May 10, 2007
By Rowan Scarborough, National Security Correspondent
WASHINGTON -- The top U.S. commander in Iraq has sent a memo to his military training teams ordering them to physically intervene if they witness mistreatment of detainees.
"You must be vigilant regarding evidence of abuses," Army Gen. David Petraeus told his Iraqi Security Force transition teams, which are embedded with Iraqi soldiers. "Take all reasonable action in accordance with the [rules of engagement] to stop and prevent suspected detainee abuse and promptly report violations to your Iraqi counterpart."
Sunni Muslim leaders have complained that the Shiite-dominated government of Prime Minister Nouri al-Maliki tolerates the murder and torture of Sunnis by security officials. In 2005, the U.S. discovered off-the-books jails where rogue forces were detaining and torturing Sunni prisoners.Petraeus said the abuse must stop if Iraq is to achieve political reconciliation.
"The legitimacy of, and popular support for, [Iraq's] security forces would plummet were they to sink to the levels of al Qaeda, the insurgents or those of the prior regime," Petraeus wrote.
The American transition teams are a linchpin in the overall U.S. strategy to secure Baghdad and turn counterinsurgency missions over to the Iraqis. The teams train at Fort Riley, Kan., before arriving in Iraq. The units attend the Phoenix Academy at Camp Taji, a sort of "finishing school" on the complexities of working with Iraqi soldiers of different sects and tribes.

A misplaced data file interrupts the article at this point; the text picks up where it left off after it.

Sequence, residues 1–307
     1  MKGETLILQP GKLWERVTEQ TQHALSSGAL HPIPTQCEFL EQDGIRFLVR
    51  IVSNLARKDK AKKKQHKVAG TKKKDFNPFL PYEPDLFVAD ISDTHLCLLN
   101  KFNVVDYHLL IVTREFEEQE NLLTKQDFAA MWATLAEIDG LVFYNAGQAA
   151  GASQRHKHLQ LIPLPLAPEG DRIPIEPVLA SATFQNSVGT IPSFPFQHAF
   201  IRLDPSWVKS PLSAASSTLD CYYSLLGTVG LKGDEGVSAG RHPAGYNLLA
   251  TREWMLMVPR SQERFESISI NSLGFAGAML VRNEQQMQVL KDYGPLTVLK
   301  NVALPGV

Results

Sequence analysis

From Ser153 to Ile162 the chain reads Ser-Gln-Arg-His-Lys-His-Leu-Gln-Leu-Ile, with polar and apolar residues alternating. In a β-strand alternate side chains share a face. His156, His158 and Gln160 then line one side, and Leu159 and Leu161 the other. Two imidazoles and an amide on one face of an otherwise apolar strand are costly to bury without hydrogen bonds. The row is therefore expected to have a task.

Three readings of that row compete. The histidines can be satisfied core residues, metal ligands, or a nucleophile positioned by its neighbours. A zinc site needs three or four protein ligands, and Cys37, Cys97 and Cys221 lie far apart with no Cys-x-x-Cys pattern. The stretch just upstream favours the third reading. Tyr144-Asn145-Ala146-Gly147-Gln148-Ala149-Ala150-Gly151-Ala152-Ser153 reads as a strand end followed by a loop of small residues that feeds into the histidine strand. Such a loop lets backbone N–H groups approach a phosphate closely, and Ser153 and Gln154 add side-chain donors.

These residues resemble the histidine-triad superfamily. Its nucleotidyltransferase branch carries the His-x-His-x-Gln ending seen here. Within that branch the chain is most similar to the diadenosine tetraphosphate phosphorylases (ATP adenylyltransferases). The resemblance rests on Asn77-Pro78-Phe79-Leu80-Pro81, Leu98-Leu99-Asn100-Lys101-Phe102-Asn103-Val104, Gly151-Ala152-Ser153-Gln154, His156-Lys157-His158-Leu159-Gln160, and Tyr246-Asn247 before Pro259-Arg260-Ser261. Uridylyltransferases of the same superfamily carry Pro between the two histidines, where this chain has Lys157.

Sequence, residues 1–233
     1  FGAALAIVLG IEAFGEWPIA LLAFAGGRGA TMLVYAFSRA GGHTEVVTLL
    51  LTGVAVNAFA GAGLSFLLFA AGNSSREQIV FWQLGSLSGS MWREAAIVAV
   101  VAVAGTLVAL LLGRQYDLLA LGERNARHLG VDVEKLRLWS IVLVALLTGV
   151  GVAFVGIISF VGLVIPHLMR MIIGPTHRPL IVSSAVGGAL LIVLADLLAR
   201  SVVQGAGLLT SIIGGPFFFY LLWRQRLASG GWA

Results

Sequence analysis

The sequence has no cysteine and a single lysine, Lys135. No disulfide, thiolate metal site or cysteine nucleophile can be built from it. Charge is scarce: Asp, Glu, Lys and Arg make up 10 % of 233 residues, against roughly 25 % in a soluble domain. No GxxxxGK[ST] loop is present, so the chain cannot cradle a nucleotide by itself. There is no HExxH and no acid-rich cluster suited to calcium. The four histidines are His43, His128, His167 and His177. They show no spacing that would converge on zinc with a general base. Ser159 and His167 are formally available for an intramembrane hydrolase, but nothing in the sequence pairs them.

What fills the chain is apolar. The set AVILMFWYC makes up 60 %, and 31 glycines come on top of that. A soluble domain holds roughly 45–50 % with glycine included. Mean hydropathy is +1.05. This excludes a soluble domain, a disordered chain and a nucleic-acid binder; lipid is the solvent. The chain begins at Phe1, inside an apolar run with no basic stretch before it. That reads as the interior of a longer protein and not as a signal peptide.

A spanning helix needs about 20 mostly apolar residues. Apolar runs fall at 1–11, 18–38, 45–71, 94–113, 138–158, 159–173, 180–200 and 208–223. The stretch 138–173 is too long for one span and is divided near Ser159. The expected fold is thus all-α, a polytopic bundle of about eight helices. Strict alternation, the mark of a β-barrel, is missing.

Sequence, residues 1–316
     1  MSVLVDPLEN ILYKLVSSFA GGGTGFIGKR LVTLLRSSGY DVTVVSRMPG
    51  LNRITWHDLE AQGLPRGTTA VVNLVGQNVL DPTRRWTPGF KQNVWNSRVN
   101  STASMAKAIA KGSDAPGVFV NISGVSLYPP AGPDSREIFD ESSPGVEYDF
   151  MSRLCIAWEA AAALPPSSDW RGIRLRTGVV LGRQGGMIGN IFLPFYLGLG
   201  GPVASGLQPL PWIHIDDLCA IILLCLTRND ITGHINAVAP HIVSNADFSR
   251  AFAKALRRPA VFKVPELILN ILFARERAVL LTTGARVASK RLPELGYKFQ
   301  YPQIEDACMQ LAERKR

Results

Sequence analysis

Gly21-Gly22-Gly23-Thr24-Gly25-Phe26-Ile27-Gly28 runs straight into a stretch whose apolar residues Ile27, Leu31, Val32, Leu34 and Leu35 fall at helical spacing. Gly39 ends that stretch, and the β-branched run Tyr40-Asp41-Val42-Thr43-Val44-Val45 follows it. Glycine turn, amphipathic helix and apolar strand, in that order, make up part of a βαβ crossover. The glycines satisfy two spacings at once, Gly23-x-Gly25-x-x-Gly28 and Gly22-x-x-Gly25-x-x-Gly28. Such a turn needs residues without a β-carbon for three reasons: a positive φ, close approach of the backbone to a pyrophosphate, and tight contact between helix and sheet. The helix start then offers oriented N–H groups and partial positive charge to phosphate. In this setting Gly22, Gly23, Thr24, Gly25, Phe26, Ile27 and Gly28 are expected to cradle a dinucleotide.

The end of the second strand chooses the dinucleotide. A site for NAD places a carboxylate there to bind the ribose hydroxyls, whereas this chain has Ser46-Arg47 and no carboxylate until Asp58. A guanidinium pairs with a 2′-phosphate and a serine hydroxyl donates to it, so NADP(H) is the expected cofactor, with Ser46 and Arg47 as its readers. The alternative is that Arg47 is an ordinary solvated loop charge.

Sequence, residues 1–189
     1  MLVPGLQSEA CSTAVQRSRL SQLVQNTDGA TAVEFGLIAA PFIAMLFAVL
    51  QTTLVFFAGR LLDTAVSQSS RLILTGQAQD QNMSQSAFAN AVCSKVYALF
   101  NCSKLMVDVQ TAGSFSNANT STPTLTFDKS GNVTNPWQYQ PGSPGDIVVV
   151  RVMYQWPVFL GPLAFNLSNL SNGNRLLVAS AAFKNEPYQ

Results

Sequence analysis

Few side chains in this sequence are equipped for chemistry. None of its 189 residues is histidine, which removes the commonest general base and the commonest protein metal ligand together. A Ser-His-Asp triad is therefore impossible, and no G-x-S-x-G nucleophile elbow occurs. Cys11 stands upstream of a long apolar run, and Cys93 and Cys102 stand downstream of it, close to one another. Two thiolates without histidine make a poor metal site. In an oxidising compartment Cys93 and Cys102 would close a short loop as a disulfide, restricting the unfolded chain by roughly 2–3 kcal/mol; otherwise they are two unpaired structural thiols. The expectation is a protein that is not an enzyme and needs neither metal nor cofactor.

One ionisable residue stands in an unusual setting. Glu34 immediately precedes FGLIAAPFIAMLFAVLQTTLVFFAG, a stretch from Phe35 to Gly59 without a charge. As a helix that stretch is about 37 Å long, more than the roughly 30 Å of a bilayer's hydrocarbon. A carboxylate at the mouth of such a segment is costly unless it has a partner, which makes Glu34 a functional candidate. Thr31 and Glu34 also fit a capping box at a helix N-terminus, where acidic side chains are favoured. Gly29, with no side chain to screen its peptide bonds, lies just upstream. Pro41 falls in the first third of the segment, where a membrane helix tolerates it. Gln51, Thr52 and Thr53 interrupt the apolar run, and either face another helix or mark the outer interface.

The teams then embed at the battalion, brigade and division level, watching and teaching Iraqi soldiers as they conduct missions.
Col. Steven Boylan, Petraeus' spokesman, said the order to stop the abuse of detainees is a restatement of existing policy.
"What that is intended to do is to remind [teams] that are out there already, and to be a letter intended for incoming teams that have not yet arrived or are just arriving," Boylan said.
The policy was not so clear in 2005. At a news conference, Gen. Peter Pace, Joint Chiefs of Staff chairman, said troops had an obligation to stop abuse; former Defense Secretary Donald Rumsfeld corrected him, saying the obligation was to report cases of mistreatment, not to physically intercede.
The rare public split prompted a policy review that led to a decision to intervene in cases of mistreatment. Petraeus' memo was a forceful public expression of the policy.